Tuesday, July 19, 2011

The internet- polarizing or not?

Is the internet a polarizing force?

I have seen where a lot of people claim that the internet has caused people to seek out- "self select"- only those voices who they agree with and exclude opposing views. This, supposedly, causes "us" to be less likely to experience differing points of view and makes confirmation bias almost unnecessary because we hear nothing but what we want to hear. I seriously doubt this.

I don't know about you, but for me the internet has exposed me to points of view radically opposed to my own (both past and present) that I would have never heard had I never gotten online.

I have also noticed that people who I have known for years who are online a fair amount have had a greater change in their overall attitudes on different issues than those who hate the internet (or avoid it for whatever reason). I don't think this is a coincidence.

Every controversial idea I espouse meets with opposition at some point, and I am constantly disagreeing with someone on some site. In "real life" I never debated politics or religion even when I was thinking the other person was completely off their rocker- preferring just to stay silent for the sake of peace. How many times did others do the same for me? On the internet, for good or bad, this doesn't happen. If you claim "liberty is better than slavery" someone is bound to vigorously type "BS!".

I'm not sure where all these people are who have managed to find corners of the internet that only feed their already dearly-held convictions, to the exclusion of everything else, but that isn't my experience. Not by a long shot.

It makes me suspect the agenda of those who make the claim that "the internet is polarizing society".



  1. Yeah, I remember how in the old days, before the Internet, I'd go to the library and come home with a balanced load -- for every book I wanted to read, one that I didn't want to read but would read anyway because I didn't want to get all, like, polarized and stuff.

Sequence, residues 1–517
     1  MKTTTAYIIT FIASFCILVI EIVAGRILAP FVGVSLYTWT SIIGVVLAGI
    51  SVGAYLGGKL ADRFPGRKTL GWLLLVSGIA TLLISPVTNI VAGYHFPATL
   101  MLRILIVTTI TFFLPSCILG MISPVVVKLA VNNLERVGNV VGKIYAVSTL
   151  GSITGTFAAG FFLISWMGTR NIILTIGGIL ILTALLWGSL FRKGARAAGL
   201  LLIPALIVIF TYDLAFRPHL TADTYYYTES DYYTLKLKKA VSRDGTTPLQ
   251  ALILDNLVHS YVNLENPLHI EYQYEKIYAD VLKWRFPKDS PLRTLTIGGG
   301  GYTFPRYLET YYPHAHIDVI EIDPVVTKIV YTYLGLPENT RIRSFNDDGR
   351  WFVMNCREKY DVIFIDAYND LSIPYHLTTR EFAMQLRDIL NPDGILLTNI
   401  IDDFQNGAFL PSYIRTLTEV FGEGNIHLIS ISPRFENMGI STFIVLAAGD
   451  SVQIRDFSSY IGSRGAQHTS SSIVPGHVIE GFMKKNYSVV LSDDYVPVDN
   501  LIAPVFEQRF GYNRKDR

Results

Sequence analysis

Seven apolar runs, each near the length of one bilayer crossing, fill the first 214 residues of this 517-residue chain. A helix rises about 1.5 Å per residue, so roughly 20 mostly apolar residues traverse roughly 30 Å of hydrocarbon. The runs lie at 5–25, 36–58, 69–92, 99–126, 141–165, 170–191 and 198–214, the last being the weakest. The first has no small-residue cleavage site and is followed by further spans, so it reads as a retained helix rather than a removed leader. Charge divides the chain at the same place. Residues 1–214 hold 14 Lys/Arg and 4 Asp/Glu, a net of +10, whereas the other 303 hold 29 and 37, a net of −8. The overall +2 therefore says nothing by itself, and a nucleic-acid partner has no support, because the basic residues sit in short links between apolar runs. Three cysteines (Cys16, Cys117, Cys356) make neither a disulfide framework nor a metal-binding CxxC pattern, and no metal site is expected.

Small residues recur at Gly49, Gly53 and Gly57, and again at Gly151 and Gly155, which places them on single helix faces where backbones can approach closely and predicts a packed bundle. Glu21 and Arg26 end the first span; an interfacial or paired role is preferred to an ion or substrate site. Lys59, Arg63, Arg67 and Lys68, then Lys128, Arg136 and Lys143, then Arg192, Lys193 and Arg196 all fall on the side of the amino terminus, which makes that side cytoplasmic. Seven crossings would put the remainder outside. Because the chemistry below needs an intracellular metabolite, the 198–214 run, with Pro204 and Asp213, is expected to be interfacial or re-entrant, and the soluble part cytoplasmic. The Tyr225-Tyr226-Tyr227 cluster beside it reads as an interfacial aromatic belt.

Also, for every left-wing documentary I rented on VHS, I balanced it with a right-wing documentary.

    And I subscribed to both National Review and Mother Jones.

    Also, I attended mosque on Friday, synagogue on Saturday, and church on Sunday, because polarization is bad, m'kay?

  2. I spent 50 years learning, seeking, considering, weighing all sorts of things. I even endured a whole semester of "comparative religion," for pity sake. I was active in electoral politics for 20 years and debated anyone and everyone in the course of it.

    Then I entered the internet in 1991 or '92 (can't remember) and my whole world expanded incredibly in every direction. By that time I had seriously consolidated my base line convictions, best expressed as the non-aggression principle. I was already measuring every other idea or proposition against that absolute.

    What I learned on the internet (among many other things) is how challenging that actually is so often and how varied the interpretation of that "absolute" can be among people of honorable intention and rational thought. Always having known that "one size does not fit all," I could see more and more what that really means in life, let alone a free society.

    Live and let live took on a whole new dimension and new knotty questions replaced all the old ones I'd thought so neatly answered.

    Oh me... A serious challenge for someone who tends toward extremely literal thinking and loves simplicity. But I don't ever want to be without that challenge again, including the internet - however it evolves.